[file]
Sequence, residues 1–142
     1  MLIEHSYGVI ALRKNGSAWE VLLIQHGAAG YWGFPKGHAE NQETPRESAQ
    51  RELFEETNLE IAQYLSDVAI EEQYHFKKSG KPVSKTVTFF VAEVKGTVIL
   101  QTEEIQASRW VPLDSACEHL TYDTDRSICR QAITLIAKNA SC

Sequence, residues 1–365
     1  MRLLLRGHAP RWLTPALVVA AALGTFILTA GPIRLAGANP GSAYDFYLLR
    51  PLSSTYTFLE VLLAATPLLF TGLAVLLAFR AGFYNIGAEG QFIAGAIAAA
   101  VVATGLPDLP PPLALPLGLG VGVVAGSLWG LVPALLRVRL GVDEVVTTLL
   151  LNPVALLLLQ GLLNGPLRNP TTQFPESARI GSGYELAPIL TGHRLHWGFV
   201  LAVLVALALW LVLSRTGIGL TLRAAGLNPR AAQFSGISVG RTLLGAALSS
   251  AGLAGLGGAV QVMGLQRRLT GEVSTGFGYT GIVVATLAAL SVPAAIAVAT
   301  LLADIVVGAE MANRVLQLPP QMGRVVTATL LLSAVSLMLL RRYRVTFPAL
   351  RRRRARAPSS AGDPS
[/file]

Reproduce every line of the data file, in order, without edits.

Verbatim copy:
Sequence, residues 1–142
     1  MLIEHSYGVI ALRKNGSAWE VLLIQHGAAG YWGFPKGHAE NQETPRESAQ
    51  RELFEETNLE IAQYLSDVAI EEQYHFKKSG KPVSKTVTFF VAEVKGTVIL
   101  QTEEIQASRW VPLDSACEHL TYDTDRSICR QAITLIAKNA SC

Sequence, residues 1–365
     1  MRLLLRGHAP RWLTPALVVA AALGTFILTA GPIRLAGANP GSAYDFYLLR
    51  PLSSTYTFLE VLLAATPLLF TGLAVLLAFR AGFYNIGAEG QFIAGAIAAA
   101  VVATGLPDLP PPLALPLGLG VGVVAGSLWG LVPALLRVRL GVDEVVTTLL
   151  LNPVALLLLQ GLLNGPLRNP TTQFPESARI GSGYELAPIL TGHRLHWGFV
   201  LAVLVALALW LVLSRTGIGL TLRAAGLNPR AAQFSGISVG RTLLGAALSS
   251  AGLAGLGGAV QVMGLQRRLT GEVSTGFGYT GIVVATLAAL SVPAAIAVAT
   301  LLADIVVGAE MANRVLQLPP QMGRVVTATL LLSAVSLMLL RRYRVTFPAL
   351  RRRRARAPSS AGDPS